The rise of maternal mortality in the United States
According to new research out of Institute for Health Metrics and Evaluation the at the University of Washington, over the past 20 years maternal mortality rates have risen in the United States—making it only one of eight countries, and the only developed nation, to see its rates increase. The United States now ranks 60th overall and below every developed nation in the world with 18.5 maternal deaths per 100,000 live births (up from 12.4 in 1990).
What has caused this increase? There’s a few different factors at play. The jump could partially be explained by a rise in reporting and increased accuracy from computerized records. But while causes of death such as hemorrhage, infection, and miscarriage have decreased, the real threats have come from heart disease, diabetes, obesity, and kidney problems, among others. And the common denominator that seems to explain the results of this study is primarily our country’s problem with accessing health care.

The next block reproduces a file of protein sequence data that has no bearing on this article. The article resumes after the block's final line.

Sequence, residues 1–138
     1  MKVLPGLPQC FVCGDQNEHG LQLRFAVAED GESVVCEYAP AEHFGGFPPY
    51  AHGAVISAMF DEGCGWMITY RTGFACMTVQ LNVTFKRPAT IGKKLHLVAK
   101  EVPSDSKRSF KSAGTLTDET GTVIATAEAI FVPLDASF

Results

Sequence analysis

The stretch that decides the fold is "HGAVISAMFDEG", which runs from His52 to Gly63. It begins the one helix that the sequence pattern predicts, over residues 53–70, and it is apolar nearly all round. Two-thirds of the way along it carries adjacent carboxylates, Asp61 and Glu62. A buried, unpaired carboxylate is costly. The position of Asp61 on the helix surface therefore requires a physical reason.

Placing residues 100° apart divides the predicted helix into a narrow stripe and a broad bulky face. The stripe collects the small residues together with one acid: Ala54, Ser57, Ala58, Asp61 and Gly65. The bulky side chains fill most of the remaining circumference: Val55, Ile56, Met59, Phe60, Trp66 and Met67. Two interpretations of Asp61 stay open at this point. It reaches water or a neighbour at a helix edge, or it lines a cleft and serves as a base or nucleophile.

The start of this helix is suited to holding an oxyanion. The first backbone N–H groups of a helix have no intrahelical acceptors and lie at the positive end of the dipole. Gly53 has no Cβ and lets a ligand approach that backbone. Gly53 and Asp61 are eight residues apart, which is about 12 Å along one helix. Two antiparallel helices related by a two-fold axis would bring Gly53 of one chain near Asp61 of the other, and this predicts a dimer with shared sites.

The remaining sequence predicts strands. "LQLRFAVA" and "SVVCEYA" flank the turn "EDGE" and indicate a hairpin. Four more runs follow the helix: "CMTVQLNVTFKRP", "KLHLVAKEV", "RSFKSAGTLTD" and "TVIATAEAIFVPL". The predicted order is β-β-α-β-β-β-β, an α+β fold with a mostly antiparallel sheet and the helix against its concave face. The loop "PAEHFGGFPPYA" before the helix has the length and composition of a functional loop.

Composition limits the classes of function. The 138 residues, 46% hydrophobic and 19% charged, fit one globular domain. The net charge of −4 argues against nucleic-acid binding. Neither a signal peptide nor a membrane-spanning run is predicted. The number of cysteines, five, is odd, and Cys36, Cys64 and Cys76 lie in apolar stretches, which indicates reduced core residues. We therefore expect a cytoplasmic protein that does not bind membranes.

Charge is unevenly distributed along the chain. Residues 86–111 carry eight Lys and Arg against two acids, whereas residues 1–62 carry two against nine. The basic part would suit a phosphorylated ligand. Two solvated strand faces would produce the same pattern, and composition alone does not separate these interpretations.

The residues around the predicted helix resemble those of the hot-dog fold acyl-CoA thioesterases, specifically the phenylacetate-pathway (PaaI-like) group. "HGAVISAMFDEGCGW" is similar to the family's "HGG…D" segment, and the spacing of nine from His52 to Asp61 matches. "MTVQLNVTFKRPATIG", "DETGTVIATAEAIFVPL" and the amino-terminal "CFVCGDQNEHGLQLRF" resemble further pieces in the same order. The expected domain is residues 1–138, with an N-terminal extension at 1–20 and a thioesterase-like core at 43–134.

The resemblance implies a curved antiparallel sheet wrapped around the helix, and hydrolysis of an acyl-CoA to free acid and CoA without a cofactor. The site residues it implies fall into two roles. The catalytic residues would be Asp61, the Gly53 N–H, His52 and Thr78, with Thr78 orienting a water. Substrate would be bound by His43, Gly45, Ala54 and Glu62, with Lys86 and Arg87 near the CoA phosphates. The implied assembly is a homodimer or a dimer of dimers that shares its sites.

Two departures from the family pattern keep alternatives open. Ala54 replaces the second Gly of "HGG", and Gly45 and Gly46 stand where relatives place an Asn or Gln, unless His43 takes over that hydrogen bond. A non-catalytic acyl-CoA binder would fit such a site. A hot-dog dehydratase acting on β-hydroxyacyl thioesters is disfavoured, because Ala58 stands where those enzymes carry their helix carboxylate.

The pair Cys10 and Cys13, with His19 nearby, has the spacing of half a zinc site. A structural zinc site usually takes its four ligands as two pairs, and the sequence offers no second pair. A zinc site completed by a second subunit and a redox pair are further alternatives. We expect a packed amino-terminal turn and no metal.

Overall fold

One in five women who are of reproductive age does not have access to health care. "In all the other industrialized democracies -- every woman has access to free or low-cost medical treatment," reporter T.R. Reid, author of The Healing of America: A Global Quest for Better, Cheaper and Fairer Health Care said. "As of May 2014, we have about 40 million people without health insurance; half are women. Those women can't afford the pre-natal care that would keep them and their babies healthy after delivery. Thousands of times every month in the U.S.A., women show up at an emergency room nine months pregnant, seven cm. dilated, and they've never had a pre-natal visit. Those are the women and babies we lose after childbirth."
Access to health care is a justice issue, and it’s one that should be critically important for all those concerned with protecting human life.